“When you start talking about lowering corporate tax rates, investors start to look at it and say, ‘Let’s wait a minute then,’” says David Gasson, vice president at Boston Capital and executive director of the Housing Advisory Group.

House Republicans have proposed to slash the current corporate tax rate of 35 percent to 20 percent. President Trump has pledged to go as low as 15 percent. For investors, buying tax credits now would represent a loss if and when the corporate tax rate falls.

Here’s how LIHTCs work: States allocate LIHTCs to affordable housing developers. Investors bid on those tax credits, and in return for their investments, reap tax benefits over the course of 10 years.

In general, tax credits are more attractive than tax deductions because tax credits offer a one-to-one, dollar-for-dollar deduction in federal income tax, whereas deductions only reduce taxable income. Investing in LIHTCs can help a bank meet its obligations under the Community Reinvestment Act, another plus. And with LIHTCs, investors also receive tax losses based on their investments in real property. All good things.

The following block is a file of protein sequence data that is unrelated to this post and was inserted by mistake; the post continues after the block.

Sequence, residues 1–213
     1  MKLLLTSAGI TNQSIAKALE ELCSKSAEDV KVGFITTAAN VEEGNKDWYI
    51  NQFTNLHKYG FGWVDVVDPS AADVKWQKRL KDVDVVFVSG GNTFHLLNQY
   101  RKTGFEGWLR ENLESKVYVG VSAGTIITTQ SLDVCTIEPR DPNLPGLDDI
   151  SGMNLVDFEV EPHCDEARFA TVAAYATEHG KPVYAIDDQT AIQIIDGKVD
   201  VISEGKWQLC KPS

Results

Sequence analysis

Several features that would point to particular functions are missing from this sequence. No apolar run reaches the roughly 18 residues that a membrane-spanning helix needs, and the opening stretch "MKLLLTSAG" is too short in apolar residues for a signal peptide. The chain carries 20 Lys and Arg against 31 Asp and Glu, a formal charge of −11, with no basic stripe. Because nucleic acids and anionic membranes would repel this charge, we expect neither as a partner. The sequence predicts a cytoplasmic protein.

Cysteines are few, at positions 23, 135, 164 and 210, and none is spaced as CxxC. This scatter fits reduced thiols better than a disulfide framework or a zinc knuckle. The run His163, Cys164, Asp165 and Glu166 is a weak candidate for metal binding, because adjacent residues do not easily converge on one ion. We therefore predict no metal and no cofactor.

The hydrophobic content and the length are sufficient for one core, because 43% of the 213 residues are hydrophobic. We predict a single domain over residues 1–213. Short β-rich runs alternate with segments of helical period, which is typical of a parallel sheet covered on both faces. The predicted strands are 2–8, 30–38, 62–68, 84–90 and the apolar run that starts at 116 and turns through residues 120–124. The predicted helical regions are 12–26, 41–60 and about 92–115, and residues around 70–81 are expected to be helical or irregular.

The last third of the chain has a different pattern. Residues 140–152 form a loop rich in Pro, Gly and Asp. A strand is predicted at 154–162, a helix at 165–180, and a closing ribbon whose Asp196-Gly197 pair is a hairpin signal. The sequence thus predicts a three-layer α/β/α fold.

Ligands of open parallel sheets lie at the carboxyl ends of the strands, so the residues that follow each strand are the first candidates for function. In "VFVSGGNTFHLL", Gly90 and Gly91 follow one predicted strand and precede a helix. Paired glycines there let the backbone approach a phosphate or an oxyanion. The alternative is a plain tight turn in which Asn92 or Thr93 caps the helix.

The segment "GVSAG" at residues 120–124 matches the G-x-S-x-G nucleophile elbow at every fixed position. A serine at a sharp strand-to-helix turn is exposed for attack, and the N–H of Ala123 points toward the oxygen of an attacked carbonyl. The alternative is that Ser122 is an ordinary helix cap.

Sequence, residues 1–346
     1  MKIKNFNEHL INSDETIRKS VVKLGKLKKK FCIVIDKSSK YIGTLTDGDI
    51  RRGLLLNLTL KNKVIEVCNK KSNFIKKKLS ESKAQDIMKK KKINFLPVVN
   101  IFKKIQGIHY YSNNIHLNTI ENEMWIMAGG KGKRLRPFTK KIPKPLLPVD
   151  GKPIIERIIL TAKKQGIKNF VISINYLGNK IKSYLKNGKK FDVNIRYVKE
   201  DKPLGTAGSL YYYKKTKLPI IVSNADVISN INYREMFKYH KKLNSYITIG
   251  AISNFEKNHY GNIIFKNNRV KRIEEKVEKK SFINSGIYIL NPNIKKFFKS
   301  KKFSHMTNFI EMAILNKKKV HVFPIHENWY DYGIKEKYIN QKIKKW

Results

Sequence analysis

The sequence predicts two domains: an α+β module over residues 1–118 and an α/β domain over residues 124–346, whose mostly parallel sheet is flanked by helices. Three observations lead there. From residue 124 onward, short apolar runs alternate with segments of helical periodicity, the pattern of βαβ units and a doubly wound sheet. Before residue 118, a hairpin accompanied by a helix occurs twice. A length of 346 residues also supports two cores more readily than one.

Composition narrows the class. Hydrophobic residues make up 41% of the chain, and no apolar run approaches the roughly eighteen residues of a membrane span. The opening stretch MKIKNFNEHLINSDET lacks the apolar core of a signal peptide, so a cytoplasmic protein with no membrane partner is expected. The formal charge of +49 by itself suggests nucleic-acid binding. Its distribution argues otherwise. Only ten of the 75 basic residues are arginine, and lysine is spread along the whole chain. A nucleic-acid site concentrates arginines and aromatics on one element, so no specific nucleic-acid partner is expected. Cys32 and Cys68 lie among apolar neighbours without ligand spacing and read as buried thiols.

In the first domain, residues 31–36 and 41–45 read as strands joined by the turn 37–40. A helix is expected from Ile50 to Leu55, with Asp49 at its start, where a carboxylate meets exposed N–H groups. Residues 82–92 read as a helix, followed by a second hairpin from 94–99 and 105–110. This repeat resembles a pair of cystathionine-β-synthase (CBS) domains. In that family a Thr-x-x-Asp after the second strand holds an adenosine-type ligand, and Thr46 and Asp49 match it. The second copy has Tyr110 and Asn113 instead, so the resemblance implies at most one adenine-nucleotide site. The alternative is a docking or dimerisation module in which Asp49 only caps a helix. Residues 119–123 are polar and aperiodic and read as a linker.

That dollar-for-dollar reduction doesn’t change with the tax rate. But the tax losses that investors receive do change with the rate. A bank that bought (say) 10 million tax credits at $1 per credit (a $10 million investment) in an affordable-housing investment before the election should expect the value of its tax benefits to shrink after Congress lowers the corporate tax rate. That’s right: Every bank that closed on an affordable housing development through LIHTCs over the last nine or so years before the November 8, 2016, election is now likely looking at a write-down.

“Each subsequent year, the investor is not going to be able to claim as much against their taxes as they were planning,” says Peter Lawrence, director of public policy and government relations at Novogradac, an accounting and consulting firm that specializes in real estate and affordable housing projects.